Mediation (Rule 7.3)
Meditation is a process where a neutral third party helps the parties in a case reach agreement. The mediator does not have the power to make any rulings, but will assist and guide the discussions.
The parties in a case can at any time hire a mediator to conduct a private mediation. This requires both parties to agree on attending mediation as it is usually a voluntary process. If you think you can settle your case through mediation be sure to explore this option. To learn more see Mediation. However, under Rule 7.3, one party can compel the other party to attend a mediation for claims between $10,000 and $35,000.
If you or the other party files and serves a Notice to Mediate form, then both parties must participate. Notice cannot be filed until at least one reply has been filed in the case. If you reach an agreement, it is filed with the court and is enforceable by the court. The process allows one party to compel the other party to attend a mediation session. If they do not attend, the court may dismiss their claim or make a default order against them.
Usually, mediations happen before a settlement conference. If your dispute was not mediated before the settlement conference, you may ask the judge at the conference to refer your case to mediation.
Types of cases excluded from mandatory mediations
In Small Claims Court, there are some cases that do not qualify for the Rule 7.3 mediation program. These include:
- Matters that can be dealt with under Rule 9.2 (Summary Trial for Financial Debt at Robson Square)
- All cases where the parties and cause of action are the same as a proceeding brought in the Supreme Court of British Columbia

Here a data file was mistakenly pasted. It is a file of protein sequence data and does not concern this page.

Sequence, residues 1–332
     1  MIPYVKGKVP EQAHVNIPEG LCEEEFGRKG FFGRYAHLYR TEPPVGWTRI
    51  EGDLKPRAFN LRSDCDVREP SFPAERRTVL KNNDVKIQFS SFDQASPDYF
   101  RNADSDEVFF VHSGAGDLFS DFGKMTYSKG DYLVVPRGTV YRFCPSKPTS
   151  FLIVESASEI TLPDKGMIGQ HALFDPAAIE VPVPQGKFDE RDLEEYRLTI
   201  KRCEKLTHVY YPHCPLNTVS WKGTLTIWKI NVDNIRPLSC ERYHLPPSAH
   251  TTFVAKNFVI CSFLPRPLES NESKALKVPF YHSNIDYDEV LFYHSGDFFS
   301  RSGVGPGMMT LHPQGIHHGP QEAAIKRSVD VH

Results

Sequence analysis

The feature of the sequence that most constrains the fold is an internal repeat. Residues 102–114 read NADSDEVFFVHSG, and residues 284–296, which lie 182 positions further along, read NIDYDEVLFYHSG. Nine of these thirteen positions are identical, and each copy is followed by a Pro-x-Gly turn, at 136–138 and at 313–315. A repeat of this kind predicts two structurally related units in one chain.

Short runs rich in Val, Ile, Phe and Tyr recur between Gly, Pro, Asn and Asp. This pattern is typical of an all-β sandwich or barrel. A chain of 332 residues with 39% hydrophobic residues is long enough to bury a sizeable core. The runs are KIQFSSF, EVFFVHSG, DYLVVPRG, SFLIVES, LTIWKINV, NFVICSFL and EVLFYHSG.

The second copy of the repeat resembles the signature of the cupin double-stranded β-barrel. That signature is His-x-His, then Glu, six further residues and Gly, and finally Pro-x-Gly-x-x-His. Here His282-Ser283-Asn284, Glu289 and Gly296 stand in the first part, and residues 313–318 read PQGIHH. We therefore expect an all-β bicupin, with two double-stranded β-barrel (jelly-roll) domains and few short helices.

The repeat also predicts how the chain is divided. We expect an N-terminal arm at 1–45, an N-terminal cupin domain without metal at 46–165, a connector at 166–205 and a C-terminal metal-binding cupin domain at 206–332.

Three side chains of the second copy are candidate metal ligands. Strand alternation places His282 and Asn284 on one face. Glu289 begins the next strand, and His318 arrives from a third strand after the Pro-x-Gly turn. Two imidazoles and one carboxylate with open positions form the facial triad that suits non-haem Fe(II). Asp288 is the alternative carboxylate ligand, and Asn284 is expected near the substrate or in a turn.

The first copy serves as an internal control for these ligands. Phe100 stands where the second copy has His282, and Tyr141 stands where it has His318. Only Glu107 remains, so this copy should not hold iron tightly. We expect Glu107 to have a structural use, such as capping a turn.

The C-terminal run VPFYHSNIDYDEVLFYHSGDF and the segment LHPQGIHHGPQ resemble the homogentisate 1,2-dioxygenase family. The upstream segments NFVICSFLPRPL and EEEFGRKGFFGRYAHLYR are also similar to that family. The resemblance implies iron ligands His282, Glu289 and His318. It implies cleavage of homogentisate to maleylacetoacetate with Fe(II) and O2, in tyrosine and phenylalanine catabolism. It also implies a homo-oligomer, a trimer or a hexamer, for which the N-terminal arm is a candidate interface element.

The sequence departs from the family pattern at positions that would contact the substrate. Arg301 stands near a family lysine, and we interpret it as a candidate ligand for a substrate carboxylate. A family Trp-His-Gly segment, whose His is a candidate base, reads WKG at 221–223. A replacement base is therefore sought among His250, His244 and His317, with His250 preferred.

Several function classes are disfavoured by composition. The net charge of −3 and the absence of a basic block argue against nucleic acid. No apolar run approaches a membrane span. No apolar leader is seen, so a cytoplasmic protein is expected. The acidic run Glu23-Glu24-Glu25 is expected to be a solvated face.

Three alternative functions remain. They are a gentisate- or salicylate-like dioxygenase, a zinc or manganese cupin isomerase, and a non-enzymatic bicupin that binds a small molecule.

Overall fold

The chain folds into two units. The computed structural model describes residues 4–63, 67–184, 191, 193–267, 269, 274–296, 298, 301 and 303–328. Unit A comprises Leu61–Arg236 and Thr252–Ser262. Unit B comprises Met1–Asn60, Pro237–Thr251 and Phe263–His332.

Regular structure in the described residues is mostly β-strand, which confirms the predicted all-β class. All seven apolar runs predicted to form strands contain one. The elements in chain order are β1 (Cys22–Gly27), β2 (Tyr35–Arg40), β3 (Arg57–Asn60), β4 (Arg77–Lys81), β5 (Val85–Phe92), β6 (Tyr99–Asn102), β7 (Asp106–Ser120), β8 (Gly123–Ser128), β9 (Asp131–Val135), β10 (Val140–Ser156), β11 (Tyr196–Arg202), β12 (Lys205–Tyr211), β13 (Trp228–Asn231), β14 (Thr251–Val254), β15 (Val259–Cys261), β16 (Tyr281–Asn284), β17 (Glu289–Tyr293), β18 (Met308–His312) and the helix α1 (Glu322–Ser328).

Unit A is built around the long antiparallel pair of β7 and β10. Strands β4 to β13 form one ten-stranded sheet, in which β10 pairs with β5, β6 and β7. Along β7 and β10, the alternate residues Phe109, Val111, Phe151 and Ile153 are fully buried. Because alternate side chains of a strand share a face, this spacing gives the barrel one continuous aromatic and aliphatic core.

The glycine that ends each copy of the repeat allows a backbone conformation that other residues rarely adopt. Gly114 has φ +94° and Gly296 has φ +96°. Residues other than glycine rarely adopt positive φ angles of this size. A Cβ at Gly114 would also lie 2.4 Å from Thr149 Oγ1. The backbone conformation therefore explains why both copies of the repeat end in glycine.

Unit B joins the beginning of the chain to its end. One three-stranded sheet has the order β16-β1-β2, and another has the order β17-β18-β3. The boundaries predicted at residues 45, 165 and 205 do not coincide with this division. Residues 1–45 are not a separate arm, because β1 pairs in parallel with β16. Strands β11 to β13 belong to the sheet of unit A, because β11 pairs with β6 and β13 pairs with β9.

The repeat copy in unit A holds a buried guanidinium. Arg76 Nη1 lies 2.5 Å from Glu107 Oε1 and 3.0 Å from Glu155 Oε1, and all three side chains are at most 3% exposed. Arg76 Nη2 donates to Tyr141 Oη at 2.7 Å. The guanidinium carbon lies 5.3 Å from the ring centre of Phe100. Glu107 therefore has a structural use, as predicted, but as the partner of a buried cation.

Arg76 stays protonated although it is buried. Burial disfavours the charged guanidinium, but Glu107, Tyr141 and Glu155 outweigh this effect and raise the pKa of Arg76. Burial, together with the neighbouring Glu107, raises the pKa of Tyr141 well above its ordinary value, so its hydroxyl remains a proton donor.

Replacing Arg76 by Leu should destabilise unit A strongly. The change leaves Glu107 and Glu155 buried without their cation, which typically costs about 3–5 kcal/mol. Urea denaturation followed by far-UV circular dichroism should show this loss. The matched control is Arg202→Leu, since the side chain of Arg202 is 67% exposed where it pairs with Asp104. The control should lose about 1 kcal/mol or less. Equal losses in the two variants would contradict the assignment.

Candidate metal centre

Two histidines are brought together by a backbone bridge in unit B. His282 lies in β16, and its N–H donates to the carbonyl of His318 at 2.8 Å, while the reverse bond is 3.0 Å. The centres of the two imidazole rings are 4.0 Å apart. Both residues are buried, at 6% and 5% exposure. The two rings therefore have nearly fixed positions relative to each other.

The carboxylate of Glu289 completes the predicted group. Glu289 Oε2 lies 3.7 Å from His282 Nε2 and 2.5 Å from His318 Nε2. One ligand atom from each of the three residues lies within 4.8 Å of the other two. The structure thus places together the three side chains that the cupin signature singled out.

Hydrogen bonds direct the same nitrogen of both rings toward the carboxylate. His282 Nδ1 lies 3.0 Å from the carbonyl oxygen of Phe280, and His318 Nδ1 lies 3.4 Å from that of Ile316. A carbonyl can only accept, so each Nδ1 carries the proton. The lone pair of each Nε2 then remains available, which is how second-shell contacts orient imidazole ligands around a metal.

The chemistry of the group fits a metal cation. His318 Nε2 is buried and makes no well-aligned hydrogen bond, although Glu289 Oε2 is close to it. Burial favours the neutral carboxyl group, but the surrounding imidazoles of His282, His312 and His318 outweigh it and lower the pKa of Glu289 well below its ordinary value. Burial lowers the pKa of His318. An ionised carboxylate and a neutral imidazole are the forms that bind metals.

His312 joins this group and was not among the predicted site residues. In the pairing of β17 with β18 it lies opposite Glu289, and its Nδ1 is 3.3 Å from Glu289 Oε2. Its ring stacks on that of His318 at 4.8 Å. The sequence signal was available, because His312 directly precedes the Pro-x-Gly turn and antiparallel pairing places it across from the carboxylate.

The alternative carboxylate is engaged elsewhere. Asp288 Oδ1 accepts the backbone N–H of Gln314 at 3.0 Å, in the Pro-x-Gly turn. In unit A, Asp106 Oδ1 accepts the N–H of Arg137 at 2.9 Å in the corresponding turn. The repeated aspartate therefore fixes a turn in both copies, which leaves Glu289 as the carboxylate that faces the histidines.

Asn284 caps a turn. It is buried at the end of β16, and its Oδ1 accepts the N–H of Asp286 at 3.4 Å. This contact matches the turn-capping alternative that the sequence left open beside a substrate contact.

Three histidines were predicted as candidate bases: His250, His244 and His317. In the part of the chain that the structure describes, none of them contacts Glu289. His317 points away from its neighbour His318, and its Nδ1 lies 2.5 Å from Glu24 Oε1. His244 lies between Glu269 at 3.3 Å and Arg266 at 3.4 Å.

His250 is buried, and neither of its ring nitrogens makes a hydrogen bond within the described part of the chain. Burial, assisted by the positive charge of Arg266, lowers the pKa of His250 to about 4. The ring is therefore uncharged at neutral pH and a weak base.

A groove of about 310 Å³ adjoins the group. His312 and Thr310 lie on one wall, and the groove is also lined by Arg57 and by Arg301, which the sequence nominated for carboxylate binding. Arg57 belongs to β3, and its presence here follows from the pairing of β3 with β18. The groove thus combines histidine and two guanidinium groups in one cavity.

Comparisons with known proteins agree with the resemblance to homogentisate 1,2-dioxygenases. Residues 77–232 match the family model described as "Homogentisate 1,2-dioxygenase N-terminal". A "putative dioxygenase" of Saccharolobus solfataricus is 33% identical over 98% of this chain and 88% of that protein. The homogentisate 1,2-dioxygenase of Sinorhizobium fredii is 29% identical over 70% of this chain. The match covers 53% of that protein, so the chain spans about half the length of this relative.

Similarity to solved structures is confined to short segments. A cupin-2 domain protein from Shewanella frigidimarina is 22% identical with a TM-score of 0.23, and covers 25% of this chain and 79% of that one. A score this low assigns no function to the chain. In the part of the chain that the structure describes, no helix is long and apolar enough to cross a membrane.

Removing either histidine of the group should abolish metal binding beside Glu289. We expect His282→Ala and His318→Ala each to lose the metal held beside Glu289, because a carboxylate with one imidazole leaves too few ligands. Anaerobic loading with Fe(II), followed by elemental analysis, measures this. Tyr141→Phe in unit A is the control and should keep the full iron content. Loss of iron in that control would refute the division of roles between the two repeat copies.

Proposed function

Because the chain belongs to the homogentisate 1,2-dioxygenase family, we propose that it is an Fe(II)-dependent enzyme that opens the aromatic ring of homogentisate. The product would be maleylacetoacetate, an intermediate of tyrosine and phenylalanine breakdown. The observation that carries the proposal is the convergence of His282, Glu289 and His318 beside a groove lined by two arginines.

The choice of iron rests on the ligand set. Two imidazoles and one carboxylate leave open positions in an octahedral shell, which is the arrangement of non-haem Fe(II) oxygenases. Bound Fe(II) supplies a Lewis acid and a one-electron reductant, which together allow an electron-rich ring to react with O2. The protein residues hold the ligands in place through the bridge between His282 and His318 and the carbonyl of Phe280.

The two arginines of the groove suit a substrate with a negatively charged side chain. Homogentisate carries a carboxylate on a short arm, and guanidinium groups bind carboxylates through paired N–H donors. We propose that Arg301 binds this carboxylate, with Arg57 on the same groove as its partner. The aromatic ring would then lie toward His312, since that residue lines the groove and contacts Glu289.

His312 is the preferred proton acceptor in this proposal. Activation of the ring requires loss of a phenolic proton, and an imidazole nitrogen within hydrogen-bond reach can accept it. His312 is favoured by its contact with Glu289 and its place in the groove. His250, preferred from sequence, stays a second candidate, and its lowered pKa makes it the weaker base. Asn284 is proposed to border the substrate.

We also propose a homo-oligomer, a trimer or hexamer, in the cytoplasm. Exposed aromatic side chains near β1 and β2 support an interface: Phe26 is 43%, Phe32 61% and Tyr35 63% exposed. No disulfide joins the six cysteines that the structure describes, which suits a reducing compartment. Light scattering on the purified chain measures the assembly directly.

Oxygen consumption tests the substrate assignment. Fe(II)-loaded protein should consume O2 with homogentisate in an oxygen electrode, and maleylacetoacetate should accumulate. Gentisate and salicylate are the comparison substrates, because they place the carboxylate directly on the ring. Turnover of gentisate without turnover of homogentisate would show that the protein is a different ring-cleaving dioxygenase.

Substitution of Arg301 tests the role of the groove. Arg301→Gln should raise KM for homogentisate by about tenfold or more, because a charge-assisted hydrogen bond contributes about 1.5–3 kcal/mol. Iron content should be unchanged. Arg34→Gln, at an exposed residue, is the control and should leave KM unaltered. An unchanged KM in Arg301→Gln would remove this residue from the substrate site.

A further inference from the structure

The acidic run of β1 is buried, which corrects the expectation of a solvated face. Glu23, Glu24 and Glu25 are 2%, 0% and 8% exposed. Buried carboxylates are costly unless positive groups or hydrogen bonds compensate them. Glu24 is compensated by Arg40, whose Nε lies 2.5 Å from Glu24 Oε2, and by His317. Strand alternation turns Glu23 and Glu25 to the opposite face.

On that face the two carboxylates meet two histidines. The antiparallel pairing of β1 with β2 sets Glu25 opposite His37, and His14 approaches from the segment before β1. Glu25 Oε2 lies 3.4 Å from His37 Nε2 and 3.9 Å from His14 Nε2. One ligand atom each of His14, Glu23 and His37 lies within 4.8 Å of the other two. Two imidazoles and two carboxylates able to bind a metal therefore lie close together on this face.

- All cases where one of the parties has obtained against the other party a protection order under the Family Law Act or a s. 810 Peace Bond under the Criminal Code
How to Prepare for Rule 7.3 Mediation
You and the other parties must find a mediator within 14 days after the Notice to Mediate has been served. If you do not agree on a mediator, one can be appointed under Rule 7.3 from the Mediate BC or another organization that has mediators.
You will also have to agree on where to mediate and the mediation session must be held within 60 days after the appointment of the mediator and at least 7 days before the date set for the settlement conference.
- Think about what you want, what is important to you and what you may be willing to compromise about
- Do your research and understand the strength of your case and the strength of the other party’s case
- Think about the best and most realistic outcome that could result from the mediation for both you and the other party
- Bring your original documents, invoices, witness statements, and/or photographs to the mediation as well as copies for the mediator and other parties
What to Expect
The mediator will review and sign the Fee Declaration prior to the beginning of the session. It details how the mediation costs will be paid - usually they are shared equally. The mediator will then review the Agreement to Mediate and answer any questions about the process.